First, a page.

Transit: A Film About Exile And Trauma

Filed in Film by on November 2, 2018 0 Comments

Christian Petzold’s newest film, Transit, which opens at Toronto’s TIFF Bell Lightbox on November 9, is a meditation about exile, rootlessness and trauma.

Petzold bends time itself to rework Anna Seghers’ 1944 novel about a German refugee in Paris who assumes another man’s identity to save himself from fascist barbarians marching toward the city. This exceedingly somber and unsettling movie is set in the 21st century, but it implicitly harkens back to Nazi Germany’s 1940 invasion of France.

The film’s November 9 opening date is significant, marking as it does the 80th anniversary of Kristallnacht, the nation-wide pogrom that erupted in Germany and temporarily spelled finis to its Jewish community.

Franz Rogowski

Georg (Franz Rogowski), a self-effacing German radio and television technician, has settled in Paris to escape the wrath of the Nazis. As he sits in a bar, a fellow German expatriate asks him whether he can deliver two letters from a writer named Weidel. He agrees, setting off a chain of events that lead Georg to Marseille, where vulnerable refugees like himself line up at foreign consulates to plead for life-saving transit visas.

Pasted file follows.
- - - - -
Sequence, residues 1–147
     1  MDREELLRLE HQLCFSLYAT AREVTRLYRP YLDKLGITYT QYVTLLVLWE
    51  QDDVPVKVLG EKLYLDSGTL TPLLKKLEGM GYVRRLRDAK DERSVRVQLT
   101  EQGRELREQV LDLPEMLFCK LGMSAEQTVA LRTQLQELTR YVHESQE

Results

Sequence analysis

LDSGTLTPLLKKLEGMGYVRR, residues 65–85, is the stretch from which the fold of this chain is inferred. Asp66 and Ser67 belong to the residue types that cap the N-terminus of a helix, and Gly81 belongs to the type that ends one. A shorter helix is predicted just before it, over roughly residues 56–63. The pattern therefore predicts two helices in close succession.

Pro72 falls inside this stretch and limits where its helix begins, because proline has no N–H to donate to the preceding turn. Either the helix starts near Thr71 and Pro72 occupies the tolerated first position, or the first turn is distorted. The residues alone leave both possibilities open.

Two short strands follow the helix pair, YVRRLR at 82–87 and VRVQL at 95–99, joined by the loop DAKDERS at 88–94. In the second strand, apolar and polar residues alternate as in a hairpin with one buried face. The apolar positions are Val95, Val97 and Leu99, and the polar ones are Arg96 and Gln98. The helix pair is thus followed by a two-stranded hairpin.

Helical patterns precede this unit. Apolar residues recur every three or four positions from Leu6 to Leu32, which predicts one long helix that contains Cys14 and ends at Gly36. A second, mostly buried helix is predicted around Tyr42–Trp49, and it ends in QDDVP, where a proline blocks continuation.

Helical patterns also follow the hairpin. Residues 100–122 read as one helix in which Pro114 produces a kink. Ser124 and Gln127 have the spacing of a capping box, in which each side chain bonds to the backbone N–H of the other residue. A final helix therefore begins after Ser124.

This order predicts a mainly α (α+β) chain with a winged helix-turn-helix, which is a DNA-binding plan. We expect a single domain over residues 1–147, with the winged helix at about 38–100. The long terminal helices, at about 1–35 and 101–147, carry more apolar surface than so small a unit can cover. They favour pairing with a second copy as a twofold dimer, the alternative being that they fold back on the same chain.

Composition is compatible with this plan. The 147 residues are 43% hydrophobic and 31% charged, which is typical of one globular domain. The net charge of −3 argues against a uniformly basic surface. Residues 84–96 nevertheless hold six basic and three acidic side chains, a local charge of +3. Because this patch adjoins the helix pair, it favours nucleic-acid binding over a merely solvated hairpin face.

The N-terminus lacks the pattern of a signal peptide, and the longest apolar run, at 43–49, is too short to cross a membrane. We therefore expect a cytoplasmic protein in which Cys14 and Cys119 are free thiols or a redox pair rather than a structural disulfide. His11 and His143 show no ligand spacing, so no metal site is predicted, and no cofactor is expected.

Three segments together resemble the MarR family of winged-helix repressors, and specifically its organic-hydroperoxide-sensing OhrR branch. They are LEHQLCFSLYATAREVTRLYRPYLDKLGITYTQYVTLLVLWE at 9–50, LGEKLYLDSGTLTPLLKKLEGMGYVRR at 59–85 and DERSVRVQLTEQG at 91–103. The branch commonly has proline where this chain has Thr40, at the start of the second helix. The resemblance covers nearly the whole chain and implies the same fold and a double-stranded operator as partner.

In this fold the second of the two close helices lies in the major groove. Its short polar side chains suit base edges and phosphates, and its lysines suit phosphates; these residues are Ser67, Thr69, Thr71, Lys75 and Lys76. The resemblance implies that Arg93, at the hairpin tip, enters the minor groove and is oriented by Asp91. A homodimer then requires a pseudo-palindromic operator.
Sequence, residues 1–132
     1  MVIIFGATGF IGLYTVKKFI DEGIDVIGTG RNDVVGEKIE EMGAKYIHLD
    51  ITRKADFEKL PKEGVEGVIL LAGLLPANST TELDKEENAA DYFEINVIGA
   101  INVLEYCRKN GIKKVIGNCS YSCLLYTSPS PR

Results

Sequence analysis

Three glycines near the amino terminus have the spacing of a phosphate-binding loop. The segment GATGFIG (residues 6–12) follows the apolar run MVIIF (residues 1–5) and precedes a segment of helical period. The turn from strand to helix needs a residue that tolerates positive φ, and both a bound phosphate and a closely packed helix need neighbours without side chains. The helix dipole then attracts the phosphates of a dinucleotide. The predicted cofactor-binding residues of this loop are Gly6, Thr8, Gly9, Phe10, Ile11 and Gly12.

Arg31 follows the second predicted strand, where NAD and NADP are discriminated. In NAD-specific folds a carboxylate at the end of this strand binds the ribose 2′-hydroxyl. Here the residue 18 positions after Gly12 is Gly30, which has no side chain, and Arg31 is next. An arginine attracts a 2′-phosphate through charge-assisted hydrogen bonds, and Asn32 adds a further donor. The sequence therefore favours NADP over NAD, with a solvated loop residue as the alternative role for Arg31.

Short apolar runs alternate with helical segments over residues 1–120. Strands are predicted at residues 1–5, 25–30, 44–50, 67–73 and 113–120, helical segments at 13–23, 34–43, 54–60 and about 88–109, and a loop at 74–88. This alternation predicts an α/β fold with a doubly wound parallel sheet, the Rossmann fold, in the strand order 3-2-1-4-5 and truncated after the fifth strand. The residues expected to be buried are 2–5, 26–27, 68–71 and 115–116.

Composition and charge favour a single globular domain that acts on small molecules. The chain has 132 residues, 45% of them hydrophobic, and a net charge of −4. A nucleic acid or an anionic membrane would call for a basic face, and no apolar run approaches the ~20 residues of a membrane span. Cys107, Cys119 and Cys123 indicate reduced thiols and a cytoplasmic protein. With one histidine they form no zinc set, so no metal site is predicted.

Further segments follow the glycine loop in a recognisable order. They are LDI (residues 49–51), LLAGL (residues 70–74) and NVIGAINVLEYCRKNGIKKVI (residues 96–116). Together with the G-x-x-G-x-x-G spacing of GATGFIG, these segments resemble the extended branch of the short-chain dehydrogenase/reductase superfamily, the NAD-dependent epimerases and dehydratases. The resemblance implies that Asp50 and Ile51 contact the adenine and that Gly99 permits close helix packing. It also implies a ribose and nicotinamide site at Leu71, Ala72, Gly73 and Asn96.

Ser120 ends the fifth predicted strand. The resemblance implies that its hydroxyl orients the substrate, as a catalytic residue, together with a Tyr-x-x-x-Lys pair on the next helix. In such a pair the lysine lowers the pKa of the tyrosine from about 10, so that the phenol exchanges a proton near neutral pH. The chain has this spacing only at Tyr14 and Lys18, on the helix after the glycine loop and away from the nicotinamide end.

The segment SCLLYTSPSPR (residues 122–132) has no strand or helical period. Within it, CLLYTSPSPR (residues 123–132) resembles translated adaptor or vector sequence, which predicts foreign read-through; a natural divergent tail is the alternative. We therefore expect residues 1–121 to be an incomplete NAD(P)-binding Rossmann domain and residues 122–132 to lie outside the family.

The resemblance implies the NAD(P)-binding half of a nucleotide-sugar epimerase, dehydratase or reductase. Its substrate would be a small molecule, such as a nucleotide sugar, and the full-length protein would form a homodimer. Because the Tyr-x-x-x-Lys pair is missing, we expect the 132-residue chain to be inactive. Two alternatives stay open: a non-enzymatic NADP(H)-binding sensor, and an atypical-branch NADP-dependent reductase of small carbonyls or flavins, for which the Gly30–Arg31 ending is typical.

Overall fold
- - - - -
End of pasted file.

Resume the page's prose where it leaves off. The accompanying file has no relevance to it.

Georg has no such problem. Masquerading as Weidel — a communist who arranged for a Mexican visa before he committed suicide — Georg knows that a visa awaits him at Mexico’s consulate.

As he bides his time in Marseille, he befriends a deaf mute woman and her son, an eight-year-old boy who shares his a passion for soccer. Georg also runs into Weidel’s wife, Marie (Paula Beer), with whom he falls in love.

Paula Beer and Franz Rogowski

The totalitarian terror that descends on France is foreshadowed several times in Transit, which unfolds in French and German.

A screaming woman in an apartment building is dragged away by police. A physician desperately looks for a way out. A woman jumps to her death from a terrace. Refugees form a long queue at the U.S. consulate. Concentration camps are full, and deportations — an indirect reference to Jews being sent to their deaths — have begun. Avignon is occupied. Roundups are taking place. Georg talks about trekking through the Pyrenees, the rugged mountain range through which some Jewish refugees fled to safety in Spain. A passenger ship has been sunk by enemy submarines.

In keeping with its subject matter, the film is depressingly grim. The mood is sustained by an ensemble of fine actors. Rogowski, in particular, stands out. He conveys the sense of hopelessness that engulfed people like Georg during these terrible times.

 

 

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